Instagram has now enforced more detailed guidelines with the aim to put a stop to extensive pornography and harassment.
For example previously Instagram guidelines required that you should not be mean. But now the language has got stronger and the policy actively directs that you can not harass other people.
Similarly earlier version ask that users need to be respectful and polite but now there is more detail and it is not allowed to threaten public and personal safety.
Same goes for nudity. The new guidelines are quite specific. While it is OK to post scarring pics of mastectomy or breastfeeding but “close-ups of fully nude buttocks” are not allowed.
This is the biggest review of the guidelines since Instagram was bought by Facebook for $1 billion last year. This has resulted in the company growing its user base from 3o million to 300 million.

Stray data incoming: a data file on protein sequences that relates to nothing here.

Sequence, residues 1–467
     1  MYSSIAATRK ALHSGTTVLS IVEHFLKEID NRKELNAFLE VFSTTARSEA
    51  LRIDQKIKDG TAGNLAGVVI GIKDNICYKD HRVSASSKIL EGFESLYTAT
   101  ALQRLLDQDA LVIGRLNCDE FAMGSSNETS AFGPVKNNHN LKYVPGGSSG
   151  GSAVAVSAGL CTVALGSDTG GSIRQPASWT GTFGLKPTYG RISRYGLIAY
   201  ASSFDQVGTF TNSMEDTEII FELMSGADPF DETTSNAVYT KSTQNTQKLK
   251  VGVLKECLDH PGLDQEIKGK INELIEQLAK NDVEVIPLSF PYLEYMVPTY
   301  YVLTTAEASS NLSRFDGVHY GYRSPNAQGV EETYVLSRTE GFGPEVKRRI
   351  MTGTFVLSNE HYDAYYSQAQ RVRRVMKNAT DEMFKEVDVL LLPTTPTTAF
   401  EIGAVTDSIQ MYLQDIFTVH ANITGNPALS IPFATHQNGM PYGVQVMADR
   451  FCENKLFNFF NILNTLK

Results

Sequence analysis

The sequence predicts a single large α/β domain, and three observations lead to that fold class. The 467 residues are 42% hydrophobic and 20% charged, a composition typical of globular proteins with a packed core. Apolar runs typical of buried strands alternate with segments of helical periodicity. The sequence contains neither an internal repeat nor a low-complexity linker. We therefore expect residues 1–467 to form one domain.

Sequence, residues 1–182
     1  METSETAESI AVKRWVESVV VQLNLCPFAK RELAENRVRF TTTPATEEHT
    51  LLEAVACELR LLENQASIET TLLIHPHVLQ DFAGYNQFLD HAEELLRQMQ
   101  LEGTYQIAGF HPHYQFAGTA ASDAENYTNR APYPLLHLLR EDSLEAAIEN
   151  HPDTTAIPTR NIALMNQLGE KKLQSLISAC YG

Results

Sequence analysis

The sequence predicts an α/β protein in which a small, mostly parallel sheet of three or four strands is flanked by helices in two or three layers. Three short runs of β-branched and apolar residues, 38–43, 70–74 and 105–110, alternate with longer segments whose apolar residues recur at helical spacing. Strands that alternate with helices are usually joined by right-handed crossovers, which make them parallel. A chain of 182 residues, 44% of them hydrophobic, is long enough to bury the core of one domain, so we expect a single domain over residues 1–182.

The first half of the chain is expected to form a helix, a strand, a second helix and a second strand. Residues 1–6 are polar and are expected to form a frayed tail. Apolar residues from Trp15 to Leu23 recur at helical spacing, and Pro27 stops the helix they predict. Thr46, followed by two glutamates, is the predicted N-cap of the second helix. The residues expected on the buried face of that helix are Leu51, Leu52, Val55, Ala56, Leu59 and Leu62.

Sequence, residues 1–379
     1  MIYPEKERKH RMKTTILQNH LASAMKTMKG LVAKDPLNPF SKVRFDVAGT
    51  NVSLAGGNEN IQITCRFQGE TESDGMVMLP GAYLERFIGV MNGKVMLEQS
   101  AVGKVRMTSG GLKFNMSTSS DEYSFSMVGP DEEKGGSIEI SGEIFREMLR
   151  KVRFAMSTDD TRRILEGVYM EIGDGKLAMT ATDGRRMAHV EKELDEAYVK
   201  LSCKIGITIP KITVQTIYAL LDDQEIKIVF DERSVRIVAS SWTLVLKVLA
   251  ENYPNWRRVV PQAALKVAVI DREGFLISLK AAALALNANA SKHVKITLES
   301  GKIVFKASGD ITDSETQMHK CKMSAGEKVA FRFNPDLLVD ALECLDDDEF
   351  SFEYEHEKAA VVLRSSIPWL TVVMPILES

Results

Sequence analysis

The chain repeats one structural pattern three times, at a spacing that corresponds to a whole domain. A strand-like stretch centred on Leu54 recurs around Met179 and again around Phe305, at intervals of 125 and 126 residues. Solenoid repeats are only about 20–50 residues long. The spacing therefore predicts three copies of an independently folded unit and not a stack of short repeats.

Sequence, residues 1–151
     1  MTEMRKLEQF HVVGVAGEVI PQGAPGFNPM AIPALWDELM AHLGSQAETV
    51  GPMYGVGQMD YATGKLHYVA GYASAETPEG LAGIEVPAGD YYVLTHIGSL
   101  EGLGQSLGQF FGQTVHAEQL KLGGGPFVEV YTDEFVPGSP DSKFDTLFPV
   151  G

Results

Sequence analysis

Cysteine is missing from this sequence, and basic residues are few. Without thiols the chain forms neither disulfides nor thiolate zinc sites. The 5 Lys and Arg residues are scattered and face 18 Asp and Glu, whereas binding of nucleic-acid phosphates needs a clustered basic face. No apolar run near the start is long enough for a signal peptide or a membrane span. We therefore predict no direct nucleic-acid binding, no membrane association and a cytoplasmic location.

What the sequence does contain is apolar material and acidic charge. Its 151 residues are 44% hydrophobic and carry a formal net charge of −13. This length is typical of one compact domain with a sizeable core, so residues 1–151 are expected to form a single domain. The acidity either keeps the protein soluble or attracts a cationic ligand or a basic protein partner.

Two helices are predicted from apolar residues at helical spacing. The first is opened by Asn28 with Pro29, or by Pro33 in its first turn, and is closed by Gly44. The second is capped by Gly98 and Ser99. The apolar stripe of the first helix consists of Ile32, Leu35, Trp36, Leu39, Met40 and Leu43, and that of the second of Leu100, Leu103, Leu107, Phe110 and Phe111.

This huge exponential growth has raised the questions of how the app should police its content. Instagram does not filter images while these are being posted but has a review mechanism after an image is reported by the community for violating its guidelines.
However, the global explosion of apps means that Instagram has to be careful in drawing the line for defining nudity. In certain cultures nudity is fine while at many places it is a taboo.
In a few cases, the critics have complained that Instagram has been too harsh in policing content. The menstruation pictures of Rupi Kaur were removed but later restored and Instagram has admitted that it was a mistake to remove the images.